The Verona Park is a park located in Verona, as part of the Essex County park system.
Verona Park is a 54.32-acre park with a lake bordered by Lakeside and Bloomfield Avenues in the southern part of Verona. This is the fifth largest park within the system.
This park contains a segment of the 36-mile Lenape Trail, a unique urban/suburban trail connecting 18 parks and 11 municipalities in Essex County. A guide to the trail, including comprehensive trail maps, has been written by the New York-New Jersey Trail Conference in close collaboration with the Essex County Essex County Dept. of Parks, Recreation & Cultural Affairs and can be found here.
Verona Park is a 54.32-acre, picturesque park with a beautiful lake bordered by Lakeside and Bloomfield Avenues in the southern part of Verona. This is the fifth largest park within the system.
Once an old swamp, the lake was first formed in 1814 when Doctor Gone (or Bohn) dammed the Peckman River for a grist mill. Later this beautiful lake surrounded by weeping willow trees and winding paths became an ideal location for family activities. Even before it became a county park, the public—including residents outside Verona--flocked there by way of the Bloomfield Avenue trolley, to bathe and picnic and enjoy some commercial amusements.
The first land acquisitions for the park were made in 1920. Demand for acquisition of this desirable tract had been increasing for some time, but action was delayed due to economic conditions caused by the war. To acquire part of this land owned by the Erie Railroad Company, an agreement was made allowing the RR to retain a right-of-way across the park by means of a bridge. Sketches showed a bridge with a series of high arches that spanned the lake and roadway. Fortunately, this bridge never materialized. Instead, the existing arched pedestrian bridge over the lake presents a quaint architectural highlight.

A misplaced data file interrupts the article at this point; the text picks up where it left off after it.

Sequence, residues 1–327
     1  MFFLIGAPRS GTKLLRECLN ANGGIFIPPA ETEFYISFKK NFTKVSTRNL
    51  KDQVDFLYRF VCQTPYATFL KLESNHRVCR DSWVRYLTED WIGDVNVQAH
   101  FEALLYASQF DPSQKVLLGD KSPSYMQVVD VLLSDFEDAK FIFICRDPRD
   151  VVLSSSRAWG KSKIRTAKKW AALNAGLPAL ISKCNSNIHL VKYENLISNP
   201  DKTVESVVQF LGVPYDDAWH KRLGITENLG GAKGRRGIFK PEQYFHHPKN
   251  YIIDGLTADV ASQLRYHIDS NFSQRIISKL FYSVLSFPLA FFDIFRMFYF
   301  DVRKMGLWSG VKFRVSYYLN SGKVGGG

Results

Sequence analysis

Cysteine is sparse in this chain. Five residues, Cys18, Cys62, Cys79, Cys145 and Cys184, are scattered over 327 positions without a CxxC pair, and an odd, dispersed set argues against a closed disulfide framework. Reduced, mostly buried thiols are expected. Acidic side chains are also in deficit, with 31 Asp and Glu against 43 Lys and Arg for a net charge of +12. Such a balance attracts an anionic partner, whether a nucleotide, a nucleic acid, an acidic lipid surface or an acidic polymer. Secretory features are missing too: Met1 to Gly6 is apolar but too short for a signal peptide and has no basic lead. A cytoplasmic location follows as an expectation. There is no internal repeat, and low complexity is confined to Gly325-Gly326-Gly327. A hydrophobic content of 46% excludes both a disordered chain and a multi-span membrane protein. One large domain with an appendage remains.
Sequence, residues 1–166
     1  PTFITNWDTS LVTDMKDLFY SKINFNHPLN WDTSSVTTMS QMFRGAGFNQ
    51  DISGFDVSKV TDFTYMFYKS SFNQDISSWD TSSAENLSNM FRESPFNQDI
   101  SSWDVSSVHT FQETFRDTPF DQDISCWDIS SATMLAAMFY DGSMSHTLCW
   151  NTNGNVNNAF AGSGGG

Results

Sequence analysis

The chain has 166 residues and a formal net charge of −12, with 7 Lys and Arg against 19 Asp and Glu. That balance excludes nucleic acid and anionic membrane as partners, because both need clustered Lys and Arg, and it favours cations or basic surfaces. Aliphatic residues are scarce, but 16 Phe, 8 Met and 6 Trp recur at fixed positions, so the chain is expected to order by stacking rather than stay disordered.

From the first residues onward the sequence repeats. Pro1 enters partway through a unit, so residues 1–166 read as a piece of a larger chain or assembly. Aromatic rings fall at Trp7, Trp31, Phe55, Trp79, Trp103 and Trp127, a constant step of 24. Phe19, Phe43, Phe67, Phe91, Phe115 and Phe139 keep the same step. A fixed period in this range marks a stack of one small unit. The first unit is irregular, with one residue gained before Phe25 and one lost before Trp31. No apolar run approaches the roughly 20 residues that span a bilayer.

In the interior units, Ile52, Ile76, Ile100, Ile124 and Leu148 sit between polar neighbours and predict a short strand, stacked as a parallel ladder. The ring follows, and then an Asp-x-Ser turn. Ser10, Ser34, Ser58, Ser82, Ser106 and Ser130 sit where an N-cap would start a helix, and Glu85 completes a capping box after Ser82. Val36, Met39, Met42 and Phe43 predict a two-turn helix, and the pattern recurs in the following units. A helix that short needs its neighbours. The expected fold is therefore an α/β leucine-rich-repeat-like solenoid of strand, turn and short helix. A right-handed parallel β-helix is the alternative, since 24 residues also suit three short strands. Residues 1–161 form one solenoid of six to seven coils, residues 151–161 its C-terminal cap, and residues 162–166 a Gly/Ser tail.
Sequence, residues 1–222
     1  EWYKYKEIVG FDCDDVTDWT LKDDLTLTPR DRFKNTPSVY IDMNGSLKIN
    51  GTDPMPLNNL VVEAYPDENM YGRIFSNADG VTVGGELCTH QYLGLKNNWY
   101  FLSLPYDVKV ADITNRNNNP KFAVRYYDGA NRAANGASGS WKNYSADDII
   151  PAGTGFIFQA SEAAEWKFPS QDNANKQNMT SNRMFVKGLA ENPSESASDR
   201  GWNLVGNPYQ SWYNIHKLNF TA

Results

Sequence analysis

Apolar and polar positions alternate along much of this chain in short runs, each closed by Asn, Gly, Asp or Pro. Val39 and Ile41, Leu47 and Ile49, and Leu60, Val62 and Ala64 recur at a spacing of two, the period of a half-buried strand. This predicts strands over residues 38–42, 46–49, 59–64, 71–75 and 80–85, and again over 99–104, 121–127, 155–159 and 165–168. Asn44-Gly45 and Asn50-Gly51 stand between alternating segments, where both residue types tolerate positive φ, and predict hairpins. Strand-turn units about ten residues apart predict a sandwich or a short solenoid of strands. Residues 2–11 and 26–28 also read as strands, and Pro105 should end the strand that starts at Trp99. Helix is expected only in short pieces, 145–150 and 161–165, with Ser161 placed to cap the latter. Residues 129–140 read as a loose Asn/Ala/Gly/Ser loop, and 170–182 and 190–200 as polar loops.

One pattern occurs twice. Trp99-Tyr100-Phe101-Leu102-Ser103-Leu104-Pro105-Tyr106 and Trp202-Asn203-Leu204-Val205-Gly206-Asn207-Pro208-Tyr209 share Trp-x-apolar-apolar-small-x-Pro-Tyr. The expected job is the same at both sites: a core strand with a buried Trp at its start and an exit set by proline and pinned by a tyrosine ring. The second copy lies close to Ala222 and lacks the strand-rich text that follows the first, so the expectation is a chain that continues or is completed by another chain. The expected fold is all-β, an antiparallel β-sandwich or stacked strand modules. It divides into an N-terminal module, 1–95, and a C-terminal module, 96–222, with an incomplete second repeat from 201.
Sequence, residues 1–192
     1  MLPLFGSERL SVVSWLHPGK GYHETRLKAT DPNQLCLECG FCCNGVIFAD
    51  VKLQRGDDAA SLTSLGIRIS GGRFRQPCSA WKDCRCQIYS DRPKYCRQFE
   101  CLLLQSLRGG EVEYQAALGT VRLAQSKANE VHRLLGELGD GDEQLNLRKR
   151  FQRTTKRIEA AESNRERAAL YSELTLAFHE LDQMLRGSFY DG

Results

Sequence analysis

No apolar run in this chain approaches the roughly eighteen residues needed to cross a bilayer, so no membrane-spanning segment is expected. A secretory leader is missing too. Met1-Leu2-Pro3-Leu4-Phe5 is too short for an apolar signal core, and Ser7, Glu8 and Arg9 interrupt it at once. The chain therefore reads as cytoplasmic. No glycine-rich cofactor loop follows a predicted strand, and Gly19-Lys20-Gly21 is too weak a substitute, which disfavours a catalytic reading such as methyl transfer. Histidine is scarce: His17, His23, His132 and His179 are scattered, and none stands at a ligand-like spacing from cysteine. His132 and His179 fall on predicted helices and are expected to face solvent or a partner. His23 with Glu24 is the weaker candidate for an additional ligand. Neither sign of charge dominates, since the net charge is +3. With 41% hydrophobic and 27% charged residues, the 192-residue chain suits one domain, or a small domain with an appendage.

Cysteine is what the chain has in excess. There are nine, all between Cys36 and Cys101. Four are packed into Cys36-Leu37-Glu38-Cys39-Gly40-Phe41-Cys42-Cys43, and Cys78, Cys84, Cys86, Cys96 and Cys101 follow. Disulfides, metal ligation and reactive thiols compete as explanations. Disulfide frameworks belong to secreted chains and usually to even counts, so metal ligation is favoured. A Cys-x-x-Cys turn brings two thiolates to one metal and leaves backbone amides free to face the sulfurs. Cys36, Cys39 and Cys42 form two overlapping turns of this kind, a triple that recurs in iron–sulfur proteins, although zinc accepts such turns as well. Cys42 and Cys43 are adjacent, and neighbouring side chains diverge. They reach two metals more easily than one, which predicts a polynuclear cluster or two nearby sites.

The landscape plans prepared by the Olmsted Brothers were approved the same year Verona Park was acquired. Actual development did not start until several years later due to court proceedings concerning condemnation of some of the land. There was no inconvenience to the public during the delay because the park was already being used for boating, bathing, skating, picnics, and band concerts.